Details Lacking in GoFundMe Appeals for Orlando Massacre

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The Associated Press reports that the more than 430 fundraisers posted on the GoFundMe website after the mass shooting at a gay nightclub in Orlando have exposed weaknesses inherent in these popular do-it-yourself charity campaigns: waste, questionable intentions and little oversight. The fundraisers — an average of more than four for each of the 49 killed and 53 wounded — include travelers asking for cash, a practitioner of ancient healing, a personal safety instructor who sells quick loaders for assault rifles, and even convicted identity impostors. “There was a deluge,” said Holly Salmons, president of the Better Business Bureau for Central Florida. “It was almost impossible for us or anyone else to be able to vet.”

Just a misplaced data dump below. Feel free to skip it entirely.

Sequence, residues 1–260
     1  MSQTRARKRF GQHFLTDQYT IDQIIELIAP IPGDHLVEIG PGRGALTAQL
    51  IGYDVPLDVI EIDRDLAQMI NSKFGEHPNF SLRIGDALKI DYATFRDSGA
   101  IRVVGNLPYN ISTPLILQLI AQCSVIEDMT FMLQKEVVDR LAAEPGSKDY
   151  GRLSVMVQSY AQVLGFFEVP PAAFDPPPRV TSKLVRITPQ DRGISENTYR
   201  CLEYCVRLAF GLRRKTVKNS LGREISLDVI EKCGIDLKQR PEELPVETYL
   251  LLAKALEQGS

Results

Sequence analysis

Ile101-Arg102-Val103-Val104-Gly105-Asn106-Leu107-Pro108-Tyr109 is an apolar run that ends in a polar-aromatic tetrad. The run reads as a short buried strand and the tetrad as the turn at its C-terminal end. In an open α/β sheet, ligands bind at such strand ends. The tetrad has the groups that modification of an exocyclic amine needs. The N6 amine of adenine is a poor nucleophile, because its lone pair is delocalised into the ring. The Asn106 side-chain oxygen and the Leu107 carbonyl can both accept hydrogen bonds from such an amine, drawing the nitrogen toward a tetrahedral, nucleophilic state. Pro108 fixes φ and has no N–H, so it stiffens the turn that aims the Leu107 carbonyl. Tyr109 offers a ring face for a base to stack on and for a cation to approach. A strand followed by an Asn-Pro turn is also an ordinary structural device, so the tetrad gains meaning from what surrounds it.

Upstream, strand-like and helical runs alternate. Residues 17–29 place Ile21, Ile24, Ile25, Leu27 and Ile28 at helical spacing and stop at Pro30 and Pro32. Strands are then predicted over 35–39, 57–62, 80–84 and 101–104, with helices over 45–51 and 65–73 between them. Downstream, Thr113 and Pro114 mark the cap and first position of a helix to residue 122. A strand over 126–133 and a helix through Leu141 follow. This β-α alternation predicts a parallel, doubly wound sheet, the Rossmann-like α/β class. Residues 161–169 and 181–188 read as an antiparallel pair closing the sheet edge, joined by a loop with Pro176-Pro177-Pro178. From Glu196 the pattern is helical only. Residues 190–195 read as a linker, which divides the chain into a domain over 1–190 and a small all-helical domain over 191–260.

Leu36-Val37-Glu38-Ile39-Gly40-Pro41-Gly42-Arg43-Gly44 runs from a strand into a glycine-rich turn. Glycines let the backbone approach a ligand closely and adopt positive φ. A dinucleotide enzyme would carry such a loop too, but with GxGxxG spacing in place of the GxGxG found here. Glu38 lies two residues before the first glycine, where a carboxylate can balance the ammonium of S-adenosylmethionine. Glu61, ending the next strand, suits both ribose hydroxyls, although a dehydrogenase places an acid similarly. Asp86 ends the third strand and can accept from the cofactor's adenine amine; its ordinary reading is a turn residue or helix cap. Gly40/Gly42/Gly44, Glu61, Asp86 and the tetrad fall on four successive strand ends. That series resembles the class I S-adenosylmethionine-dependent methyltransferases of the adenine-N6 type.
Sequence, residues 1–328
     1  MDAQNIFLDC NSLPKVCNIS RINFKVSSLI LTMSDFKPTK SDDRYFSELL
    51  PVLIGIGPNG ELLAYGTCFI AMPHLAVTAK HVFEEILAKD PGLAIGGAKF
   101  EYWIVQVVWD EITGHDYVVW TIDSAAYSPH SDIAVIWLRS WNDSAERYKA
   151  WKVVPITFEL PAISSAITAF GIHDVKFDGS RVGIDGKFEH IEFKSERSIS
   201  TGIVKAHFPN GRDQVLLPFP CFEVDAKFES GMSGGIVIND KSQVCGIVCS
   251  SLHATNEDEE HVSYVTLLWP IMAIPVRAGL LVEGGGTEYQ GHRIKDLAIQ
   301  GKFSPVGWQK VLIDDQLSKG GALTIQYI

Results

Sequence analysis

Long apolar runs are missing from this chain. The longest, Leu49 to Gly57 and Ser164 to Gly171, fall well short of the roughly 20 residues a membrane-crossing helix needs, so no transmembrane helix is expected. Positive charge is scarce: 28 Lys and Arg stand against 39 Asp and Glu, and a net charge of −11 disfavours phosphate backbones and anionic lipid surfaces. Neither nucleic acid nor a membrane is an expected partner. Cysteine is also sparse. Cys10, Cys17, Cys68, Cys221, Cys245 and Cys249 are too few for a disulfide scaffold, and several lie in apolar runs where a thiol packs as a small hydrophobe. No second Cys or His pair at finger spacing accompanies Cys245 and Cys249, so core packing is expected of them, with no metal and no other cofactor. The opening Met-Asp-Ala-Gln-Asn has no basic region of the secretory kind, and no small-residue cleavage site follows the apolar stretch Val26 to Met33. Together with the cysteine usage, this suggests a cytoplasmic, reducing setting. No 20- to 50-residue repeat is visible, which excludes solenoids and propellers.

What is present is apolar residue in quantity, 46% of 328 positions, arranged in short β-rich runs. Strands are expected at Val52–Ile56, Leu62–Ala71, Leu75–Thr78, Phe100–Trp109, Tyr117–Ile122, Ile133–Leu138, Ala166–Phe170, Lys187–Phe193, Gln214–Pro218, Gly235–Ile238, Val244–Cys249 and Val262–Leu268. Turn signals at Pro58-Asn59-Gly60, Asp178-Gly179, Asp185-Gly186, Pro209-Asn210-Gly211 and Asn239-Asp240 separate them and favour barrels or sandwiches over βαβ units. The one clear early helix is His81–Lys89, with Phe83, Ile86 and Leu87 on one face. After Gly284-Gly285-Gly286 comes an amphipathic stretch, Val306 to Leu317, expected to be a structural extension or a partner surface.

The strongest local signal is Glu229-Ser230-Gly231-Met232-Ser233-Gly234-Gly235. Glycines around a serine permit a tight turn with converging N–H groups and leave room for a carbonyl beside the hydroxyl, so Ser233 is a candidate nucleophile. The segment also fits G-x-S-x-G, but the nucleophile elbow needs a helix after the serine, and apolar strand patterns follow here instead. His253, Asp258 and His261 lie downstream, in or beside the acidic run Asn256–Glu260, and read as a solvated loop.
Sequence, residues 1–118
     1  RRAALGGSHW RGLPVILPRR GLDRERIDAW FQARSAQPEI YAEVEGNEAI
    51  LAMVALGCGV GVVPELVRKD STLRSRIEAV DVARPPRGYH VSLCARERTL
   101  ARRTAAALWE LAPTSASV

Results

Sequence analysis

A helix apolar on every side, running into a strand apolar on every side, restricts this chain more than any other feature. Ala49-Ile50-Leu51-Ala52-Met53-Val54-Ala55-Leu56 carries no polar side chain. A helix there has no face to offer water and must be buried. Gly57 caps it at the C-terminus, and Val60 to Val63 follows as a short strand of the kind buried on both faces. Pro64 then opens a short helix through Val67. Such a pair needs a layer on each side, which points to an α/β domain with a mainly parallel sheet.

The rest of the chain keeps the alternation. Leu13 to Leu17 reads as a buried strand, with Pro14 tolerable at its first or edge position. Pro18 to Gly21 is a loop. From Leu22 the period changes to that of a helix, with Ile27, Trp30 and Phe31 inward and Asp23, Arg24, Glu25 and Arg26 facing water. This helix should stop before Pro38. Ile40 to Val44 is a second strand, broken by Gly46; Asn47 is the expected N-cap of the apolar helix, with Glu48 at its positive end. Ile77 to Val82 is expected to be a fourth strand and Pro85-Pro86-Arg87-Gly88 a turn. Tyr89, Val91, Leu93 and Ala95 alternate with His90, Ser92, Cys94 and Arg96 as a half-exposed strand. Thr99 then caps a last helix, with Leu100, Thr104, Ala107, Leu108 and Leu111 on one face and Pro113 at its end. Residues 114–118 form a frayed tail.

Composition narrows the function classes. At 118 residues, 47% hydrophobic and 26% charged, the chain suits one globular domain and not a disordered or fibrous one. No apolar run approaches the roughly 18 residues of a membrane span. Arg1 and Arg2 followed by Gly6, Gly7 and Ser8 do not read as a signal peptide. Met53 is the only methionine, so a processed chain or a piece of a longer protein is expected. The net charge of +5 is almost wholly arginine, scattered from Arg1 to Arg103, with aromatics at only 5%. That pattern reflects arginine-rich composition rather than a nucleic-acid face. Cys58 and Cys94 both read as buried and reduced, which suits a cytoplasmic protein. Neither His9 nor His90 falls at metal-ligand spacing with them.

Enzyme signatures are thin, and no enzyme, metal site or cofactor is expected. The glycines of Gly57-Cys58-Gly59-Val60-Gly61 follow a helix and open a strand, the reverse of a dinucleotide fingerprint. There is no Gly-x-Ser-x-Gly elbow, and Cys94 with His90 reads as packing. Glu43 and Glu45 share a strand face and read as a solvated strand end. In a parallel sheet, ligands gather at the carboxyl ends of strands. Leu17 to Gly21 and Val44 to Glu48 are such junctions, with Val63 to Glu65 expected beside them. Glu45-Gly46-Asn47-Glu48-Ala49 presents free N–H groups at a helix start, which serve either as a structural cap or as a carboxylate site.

The crowdfunding sites operate outside traditional charitable circles and often beyond the reach of government regulation. Appeals can be created in minutes by almost anyone and shared around the world. The officially sanctioned Equality Florida campaign raised more than $7 million via GoFundMe, but another $1.3 million went to smaller appeals — mostly set up by people with little or no charity experience. The AP examined 30 GoFundMe campaigns linked to the Orlando shootings. Half said donations would be used for legitimate-sounding purposes: to cover funeral, medical and other costs. But most campaigns lacked key details, such as exactly what the donations would cover or even who was asking for them. Only nine of the 30 organizers agreed to interviews.

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